Envisioning & Implementing Effective Educational Programs

by Stephanie Chasteen on April 28, 2013

headcrop2A very nice article about me was just published in the Spring issue of the Newsletter of the Committee on the Status of Women in Physics.  I think it’s a nice summary of what I’ve been focusing on in my career, and my philosophies of finding one’s path, so I am posting it here.

Here is the original article (PDF), and the full Spring issue (PDF).

Envisioning & Implementing Effective Educational Programs

Specialization is useful in many careers, but in Stephanie Chasteen’s case, diversification has played a key role. Dr. Chasteen works as a consultant and contractor on various projects aimed at improving science education through research, evaluation, writing, and creating educational activities.

While a physics graduate student at the University of California – Santa Cruz, Chasteen started considering a career in science journalism and was awarded a prestigious fellowship with the AAAS Mass Media Science & Engineering Fellows program. She was placed at the science desk at National Public Radio in Washington, DC, and here, Dr. Chasteen notes she “learned the high standards of excellence of national science reporting and developed a deep love for audio production.”

Upon graduation, Chasteen diversified her portfolio even more and took a departure from traditional science journalism by joining the Exploratorium Museum of Science, Art, and Human Perception as a postdoctoral fellow. She created hands-on activities and workshops for K-12 teachers, and the opportunity helped her discover her passion for science education. Her experience in writing was not in vain, however, as she notes “writing is one of the tools I carry in my kit toward creating effective education programs.”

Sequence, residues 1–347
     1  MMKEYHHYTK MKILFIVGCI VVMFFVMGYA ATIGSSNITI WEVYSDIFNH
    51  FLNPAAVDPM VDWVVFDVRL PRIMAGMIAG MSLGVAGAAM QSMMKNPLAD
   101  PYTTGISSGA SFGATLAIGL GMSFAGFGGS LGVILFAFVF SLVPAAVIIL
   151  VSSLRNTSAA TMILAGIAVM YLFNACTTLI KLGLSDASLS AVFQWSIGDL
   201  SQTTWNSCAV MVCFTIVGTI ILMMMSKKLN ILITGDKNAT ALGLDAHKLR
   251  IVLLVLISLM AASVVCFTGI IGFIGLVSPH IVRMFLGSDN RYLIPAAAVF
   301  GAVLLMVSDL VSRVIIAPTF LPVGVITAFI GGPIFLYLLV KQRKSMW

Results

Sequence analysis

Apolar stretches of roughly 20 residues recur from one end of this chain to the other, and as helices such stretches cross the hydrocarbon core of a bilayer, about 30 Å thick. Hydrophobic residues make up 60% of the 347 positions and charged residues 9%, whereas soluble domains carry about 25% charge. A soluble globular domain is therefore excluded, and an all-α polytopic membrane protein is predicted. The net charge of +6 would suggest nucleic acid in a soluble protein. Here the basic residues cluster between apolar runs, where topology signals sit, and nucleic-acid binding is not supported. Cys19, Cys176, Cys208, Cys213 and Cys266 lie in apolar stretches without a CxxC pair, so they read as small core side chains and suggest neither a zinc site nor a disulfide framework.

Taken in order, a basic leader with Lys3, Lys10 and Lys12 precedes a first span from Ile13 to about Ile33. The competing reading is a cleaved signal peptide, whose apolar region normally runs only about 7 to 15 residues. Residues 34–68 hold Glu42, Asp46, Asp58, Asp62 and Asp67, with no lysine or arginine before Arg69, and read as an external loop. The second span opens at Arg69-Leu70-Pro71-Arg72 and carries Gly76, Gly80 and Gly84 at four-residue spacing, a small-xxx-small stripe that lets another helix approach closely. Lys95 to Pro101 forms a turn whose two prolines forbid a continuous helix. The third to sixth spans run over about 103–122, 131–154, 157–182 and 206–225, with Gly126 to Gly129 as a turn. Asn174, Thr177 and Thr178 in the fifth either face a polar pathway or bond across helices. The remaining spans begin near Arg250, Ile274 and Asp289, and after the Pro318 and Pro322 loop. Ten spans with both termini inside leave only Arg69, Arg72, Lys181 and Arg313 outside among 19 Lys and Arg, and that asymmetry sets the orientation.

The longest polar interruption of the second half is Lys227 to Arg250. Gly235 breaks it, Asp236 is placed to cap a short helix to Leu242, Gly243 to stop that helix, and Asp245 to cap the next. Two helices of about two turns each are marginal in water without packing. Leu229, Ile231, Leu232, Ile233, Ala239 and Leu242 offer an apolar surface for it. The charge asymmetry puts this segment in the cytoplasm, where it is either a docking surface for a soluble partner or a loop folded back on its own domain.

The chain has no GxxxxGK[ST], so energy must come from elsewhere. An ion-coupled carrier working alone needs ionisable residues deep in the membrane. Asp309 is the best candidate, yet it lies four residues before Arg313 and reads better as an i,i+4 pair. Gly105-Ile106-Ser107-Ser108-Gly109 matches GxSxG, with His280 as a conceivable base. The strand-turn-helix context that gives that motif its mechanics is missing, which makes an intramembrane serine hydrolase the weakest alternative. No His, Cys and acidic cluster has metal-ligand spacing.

Dr. Chasteen then joined the Science Education Initiative (colorado.edu/sei) at the University of Colorado at Boulder to work on transforming undergraduate science classes using research available on effective science education. Chasteen brought her experience in journalism to the physics education research group creating videos and podcasts for teachers about effective educational techniques, and in return, she received training in the methods and literature of science education.

Today, Dr. Chasteen still works with the Science Education Initiative as their outreach director, helping to spread the word through videos and workshops about research-based teaching techniques. She has also started her own consulting business (www.sciencegeekgirl.com). Through her business, she works on a variety of projects including directing videos to highlight the best use of the PhET Interactive Simulations (phet.colorado.edu/), reviewing K-12 student activity booklets, serving as an external evaluator for educational programs, and writing press releases about physics education research results to promote the field in the popular media.

She notes that her networking and volunteer work helped get her to this point, and for those interested in getting involved in science education and outreach, she advises them to approach networking “with a sense of genuine curiosity and interest in people.” Opportunities such as presenting at a science book club, auditing a writing course, and judging science fairs have led to job opportunities and helped shaped Chasteen’s career path.

Chasteen also credits her interest in diverse areas with leading her to create the specialization that she is now known for within the physics education research community. She notes that she was never sure of where her interests would lead her, but she just continued to follow what sparked her passion. “I think it’s so important to explore the things that we find fascinating, because that exploration can lead to great things.”

{ 1 comment }

Holly Walter Kerby April 29, 2013 at 12:53 am

Nice article. Thanks for posting. We all benefit from eclectic, smart, passionate people like you.

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